Discount the Knicks' rankings a bit. Only one team, the Hawks, ranked worse
overall, but the survey was taken before Isiah Thomas took over and Stephon
Marbury came to town. Our guess is that the Knicks would take a pretty big up
tick in the rankings.

Finally on to the movers and shakers. The Pistons rose from 13th to fourth in
this year's rankings. Jerry West must be doing something right in Memphis as the
Grizzlies went from 73rd to 38th in this year's poll. LeBron James had a more
modest effect in Cleveland than one would think. Last year they ranked 106th.
This year they're up to 83. Not sure that's worth the $100 million Nike is
throwing his way.

[hr]
ESPN.com - Dallas' 'Big 3' has companyESPN.com: NBA

Tuesday, February 3, 2004
Dallas' 'Big 3' has company
By Greg Anthony
ESPN Insider

Last year the Mavericks got everyone talking about their "Big 3" of Michael
Finley, Dirk Nowitzki, and Steve Nash after their amazing start and amazing play
offensively. They were as good as it gets (to borrow a term from a great movie).
So in the offseason other teams went about improving their talent bases, either
through experience and maturity or via trade and free agency. Let's look at some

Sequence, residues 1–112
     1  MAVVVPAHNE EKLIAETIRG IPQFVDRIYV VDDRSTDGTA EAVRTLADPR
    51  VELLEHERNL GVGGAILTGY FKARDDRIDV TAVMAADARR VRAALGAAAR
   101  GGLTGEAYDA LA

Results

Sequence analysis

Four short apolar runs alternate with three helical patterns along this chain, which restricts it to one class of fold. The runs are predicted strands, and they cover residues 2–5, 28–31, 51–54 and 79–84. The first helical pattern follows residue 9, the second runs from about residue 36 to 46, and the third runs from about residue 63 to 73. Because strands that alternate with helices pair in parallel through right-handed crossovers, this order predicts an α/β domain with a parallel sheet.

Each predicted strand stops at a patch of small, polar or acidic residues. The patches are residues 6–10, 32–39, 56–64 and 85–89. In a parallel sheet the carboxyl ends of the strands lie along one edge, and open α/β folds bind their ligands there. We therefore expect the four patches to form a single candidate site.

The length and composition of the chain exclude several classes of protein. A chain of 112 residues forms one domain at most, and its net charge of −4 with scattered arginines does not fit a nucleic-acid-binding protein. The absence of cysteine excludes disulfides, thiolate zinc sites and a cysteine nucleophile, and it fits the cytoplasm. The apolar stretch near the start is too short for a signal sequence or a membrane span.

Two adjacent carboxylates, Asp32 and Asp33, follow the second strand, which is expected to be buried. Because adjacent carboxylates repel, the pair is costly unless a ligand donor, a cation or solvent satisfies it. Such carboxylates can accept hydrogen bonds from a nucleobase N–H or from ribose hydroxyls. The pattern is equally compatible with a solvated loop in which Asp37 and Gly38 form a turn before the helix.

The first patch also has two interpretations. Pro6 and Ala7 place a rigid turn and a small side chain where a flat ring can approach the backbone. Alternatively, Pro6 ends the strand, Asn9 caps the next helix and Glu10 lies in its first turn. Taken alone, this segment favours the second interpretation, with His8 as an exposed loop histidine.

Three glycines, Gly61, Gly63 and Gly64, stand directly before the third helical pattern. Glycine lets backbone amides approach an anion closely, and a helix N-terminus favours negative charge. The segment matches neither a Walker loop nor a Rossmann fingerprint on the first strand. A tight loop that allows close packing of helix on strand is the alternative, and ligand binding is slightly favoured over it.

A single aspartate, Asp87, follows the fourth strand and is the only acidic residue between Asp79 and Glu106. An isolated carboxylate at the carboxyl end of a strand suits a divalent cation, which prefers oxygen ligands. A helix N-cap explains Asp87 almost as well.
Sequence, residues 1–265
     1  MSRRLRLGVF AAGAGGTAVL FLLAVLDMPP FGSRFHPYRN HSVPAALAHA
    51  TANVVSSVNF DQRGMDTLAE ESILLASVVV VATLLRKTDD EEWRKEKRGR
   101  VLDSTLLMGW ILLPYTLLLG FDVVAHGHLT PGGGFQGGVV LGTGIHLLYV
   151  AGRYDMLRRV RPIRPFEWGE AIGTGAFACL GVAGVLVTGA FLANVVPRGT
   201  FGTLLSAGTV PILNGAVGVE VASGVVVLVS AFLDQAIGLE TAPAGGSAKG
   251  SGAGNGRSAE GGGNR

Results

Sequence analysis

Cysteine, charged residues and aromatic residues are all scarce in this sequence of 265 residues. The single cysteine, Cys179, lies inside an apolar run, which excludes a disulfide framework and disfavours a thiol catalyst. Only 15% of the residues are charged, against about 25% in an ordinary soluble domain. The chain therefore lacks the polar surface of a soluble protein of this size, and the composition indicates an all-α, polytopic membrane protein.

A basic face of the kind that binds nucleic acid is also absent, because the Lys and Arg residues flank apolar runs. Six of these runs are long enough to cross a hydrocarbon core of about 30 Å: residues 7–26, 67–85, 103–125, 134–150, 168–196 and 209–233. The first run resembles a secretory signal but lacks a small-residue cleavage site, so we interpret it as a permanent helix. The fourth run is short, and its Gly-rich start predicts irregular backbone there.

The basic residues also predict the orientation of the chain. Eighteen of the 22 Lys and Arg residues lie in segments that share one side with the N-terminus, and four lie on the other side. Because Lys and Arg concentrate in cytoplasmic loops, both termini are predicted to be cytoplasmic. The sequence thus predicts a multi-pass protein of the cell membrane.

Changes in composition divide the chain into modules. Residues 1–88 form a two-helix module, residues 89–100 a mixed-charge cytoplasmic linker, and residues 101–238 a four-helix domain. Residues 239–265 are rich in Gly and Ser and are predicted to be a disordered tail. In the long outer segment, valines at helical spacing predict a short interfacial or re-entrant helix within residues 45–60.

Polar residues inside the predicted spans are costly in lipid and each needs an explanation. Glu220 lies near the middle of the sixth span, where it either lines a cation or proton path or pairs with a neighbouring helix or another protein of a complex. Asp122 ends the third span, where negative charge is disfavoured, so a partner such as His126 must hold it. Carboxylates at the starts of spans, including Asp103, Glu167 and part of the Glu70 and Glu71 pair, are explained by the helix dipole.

of the other "big threes" in the league, and you decide who is the best.

First is the original trio in Dallas. They made a lot of changes in the
offseason, bringing in Antawn Jamison and Antoine Walker as two other marquee
players, and that has had an impact on the trio's individual numbers. In the
long run, though, the Mavericks have improved in other areas, rebounding in
particular.

But it is still the same theme, with those three counted on heavily to score,
score, score, with their opponents doing the same. Teams average -- get this --
100 points per game against Dallas. While their play is improved of late, and
the chemistry is getting better (I think this is a better team than last year's
group), they still have the same issues as a year ago -- to defend or not to
defend? I think you know which one they choose.

Next up the Nets, with Kenyon Martin, Richard Jefferson and Jason Kidd. They
don't shoot it as well as the Dallas trio, but they are every bit as effective
at scoring, especially in transition. Plus they compete on the defensive end,
and K-Mart (who should be an all-star this year) and RJ continue to improve.
The only thing holding this trio back has been the tension among them since the
departure of Byron Scott (that's another story for another time) and the
questionable roster moves that have not bolstered the supporting cast.

But for basketball skill and entertainment value, they are surely a must-see
act. Nobody runs the break like Jason Kidd, and who better on the other end of
that break than the high-flying act of Martin and Jefferson? (Kidd, Martin, and
Jefferson sounds like a law firm -- you think they really had anything with the
dismissal of Byron Scott?)

When you think Sacramento and talk big three, how impressive must that team be
to do so without putting C-Webb in their triangle? Chris Webber has yet to play